RA: In ways, the pandemic has been the biggest savior of my artistry. It's forced me to slow down and made me realize how important it is to the time and be isolated from the world. It’s important to be in touch with daily life but I feel like that period of introspection has been so helpful for me. I think that it’s allowed for more routine, like practicing instruments, reading books, journaling, writing down lyric ideas, watching movies for inspiration has become a regular part of my life. Before that, it was hard to incorporate these things into my daily. As an artist, you're constantly on the move so it’s hard to maintain a strong sense of routine. Never had a chance to nurture that as an artist because I went from being a full-time nanny to being a singer overnight. So I didn’t get that “in-between” period that allowed me to figure out what works best for me so this time has been a blessing.

Raveena wears dress Nosesso, earrings Debora Malouf Jewelry, headpiece Chainedbysedona

V: How do you stay connected to your audience during a pandemic?

RA: I feel like people are coming together on the internet. It feels like we're more connected to each other than ever in that dimension. People are more responsive because they have more time on their hands. Another thing I want to do more of, is send packages and letters to a few fans. It can only go to a few fans, I wish I could do more.

V: Now just to backtrack, as an artist who was born and raised in New York City, how has your upbringing inspired your work?

RA: I was raised half and half between New York and Connecticut. I think it was an interesting mix between being fully in nature and living in the city. It’s influenced my art in a lot of ways, I definitely feel very connected to nature as well because of that side of my upbringing, I need it and I crave it. Where I feel the most whole as a being is around nature. And then the city is just so energizing and I love the spirit of collaboration that this city offers and having access to so many beautiful souls to work with.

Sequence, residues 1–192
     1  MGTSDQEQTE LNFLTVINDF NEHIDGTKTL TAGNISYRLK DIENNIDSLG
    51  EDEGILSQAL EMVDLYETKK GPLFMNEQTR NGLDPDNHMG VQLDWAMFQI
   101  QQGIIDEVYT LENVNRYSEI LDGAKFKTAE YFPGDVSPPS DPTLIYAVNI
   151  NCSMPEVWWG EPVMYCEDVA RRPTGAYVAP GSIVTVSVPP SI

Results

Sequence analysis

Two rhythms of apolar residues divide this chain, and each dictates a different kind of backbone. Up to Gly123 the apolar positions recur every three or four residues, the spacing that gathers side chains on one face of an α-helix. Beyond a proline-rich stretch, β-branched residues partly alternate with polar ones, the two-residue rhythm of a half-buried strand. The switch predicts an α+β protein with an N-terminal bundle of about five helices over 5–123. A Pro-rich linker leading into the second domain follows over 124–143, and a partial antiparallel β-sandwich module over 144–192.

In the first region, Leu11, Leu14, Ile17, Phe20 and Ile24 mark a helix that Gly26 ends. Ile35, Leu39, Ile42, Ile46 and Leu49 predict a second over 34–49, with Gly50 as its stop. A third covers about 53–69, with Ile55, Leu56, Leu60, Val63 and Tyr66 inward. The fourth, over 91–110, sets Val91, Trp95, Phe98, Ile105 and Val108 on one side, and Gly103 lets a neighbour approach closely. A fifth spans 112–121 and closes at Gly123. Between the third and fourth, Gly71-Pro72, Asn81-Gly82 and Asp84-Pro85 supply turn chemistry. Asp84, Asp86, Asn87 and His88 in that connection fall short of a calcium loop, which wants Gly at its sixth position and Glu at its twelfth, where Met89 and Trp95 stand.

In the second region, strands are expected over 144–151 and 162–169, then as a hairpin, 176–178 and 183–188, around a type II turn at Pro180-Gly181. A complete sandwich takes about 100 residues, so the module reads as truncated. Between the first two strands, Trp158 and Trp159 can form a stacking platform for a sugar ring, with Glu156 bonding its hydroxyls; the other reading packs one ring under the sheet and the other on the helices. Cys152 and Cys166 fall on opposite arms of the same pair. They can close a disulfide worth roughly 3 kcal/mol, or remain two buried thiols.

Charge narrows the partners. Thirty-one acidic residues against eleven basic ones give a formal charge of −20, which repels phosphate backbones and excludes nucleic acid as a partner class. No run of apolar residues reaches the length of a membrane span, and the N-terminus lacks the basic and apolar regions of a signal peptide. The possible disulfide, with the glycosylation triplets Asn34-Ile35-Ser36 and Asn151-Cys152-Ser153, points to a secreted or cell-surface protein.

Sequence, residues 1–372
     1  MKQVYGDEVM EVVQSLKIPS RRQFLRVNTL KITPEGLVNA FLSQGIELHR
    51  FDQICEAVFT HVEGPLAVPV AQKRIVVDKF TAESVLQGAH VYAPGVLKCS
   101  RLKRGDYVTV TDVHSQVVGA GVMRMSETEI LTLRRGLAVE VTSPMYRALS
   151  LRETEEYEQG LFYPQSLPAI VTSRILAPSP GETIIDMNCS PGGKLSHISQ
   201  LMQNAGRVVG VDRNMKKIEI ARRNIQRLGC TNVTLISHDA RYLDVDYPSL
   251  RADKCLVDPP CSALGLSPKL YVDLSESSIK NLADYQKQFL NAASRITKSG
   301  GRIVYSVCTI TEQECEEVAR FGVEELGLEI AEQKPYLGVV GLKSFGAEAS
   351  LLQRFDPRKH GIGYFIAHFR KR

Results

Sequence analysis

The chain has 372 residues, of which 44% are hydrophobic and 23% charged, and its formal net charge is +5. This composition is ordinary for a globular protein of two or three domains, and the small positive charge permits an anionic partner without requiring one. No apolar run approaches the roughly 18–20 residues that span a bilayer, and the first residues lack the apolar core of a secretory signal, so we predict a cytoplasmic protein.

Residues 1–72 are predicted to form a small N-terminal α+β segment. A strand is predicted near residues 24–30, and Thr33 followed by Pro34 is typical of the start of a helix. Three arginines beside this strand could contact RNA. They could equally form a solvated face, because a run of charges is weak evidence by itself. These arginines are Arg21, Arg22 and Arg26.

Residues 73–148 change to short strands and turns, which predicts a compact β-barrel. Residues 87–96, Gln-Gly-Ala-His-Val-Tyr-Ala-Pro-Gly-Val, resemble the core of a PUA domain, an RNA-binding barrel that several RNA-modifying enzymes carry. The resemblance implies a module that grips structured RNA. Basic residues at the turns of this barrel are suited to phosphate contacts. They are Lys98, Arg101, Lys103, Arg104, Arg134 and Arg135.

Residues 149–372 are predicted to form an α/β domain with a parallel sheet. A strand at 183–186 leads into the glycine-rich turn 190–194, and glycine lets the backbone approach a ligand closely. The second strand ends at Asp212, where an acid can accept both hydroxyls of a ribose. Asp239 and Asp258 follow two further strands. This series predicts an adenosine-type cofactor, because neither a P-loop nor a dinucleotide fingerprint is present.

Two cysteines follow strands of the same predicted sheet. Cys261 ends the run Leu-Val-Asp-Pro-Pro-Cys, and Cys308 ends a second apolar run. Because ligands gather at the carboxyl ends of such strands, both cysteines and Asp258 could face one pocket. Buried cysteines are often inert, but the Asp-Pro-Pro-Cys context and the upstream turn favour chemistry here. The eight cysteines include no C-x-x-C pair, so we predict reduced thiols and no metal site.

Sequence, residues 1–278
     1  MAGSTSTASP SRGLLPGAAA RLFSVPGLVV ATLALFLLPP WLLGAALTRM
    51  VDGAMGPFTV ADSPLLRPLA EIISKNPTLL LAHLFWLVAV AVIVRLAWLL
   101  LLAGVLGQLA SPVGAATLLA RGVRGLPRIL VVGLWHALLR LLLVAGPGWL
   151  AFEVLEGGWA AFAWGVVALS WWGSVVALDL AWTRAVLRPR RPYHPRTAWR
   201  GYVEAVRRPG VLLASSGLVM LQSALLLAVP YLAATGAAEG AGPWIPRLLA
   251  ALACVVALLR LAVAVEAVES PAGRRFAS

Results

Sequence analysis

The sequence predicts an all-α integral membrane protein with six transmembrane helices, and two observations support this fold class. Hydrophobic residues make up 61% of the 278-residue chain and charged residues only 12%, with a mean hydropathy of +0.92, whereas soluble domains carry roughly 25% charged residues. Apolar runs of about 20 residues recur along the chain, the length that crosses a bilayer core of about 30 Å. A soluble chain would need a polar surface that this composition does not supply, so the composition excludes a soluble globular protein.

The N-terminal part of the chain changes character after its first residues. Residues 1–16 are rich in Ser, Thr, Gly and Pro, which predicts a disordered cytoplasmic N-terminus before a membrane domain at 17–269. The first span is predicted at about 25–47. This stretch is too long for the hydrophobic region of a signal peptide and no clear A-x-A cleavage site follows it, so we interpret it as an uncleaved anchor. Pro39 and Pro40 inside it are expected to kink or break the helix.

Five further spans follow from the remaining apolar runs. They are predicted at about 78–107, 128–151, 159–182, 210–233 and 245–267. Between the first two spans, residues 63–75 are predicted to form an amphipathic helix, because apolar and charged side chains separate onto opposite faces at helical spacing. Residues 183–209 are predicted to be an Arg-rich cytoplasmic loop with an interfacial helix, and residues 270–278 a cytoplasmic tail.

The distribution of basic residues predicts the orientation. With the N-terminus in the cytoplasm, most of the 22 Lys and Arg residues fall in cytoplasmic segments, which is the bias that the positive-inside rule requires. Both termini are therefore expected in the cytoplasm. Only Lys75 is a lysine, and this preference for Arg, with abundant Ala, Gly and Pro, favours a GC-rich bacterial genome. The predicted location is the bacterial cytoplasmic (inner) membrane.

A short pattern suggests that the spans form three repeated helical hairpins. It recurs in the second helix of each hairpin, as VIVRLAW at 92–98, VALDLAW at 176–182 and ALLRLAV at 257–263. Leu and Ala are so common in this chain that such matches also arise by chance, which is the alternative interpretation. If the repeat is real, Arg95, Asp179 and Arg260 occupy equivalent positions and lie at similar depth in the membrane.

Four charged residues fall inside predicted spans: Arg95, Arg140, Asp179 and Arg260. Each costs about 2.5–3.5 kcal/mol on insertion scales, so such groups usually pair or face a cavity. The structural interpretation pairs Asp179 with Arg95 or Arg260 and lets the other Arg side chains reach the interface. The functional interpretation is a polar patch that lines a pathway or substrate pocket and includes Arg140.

V: As the daughter of two Indian immigrants, how has this shaped your artistry? What was your upbringing like and how does that translate into your sound?

RA: It was really interesting because I grew up around a lot of Indian music. And I think there’s a sense of spirituality in Indian music, this vibrancy, and colors to it that live in their own world and I’m so grateful that I got to experience that. But obviously, as an American kid I was listening to all of Western music like R&B, and Soul, and Pop and Rock. I was consuming it all and I feel like what I make now is such an honest representation of everything I was listening to. Because I’m so connected to India growing up, I grew up in a very immigrant household. I feel like I’m learning to incorporate these two worlds into my work. It’s been the biggest challenge because tonally and musically they have different scales and completely different ways of approach towards the music so it’s been a really challenging but great opening part of my artistry. Learning how to merge the two and I think that’s where my work will be changing and getting stronger in that sense from now on.

V: If you could collaborate with any Bollywood artist, dead or alive, who would it be and why?

RA: I love Asha Bhosle. She has a beautiful voice and was born almost exactly sixty years apart. She’s still alive, she’s 87 so I think she’s probably chilling now.

V: You went to NYU right? What was that experience like?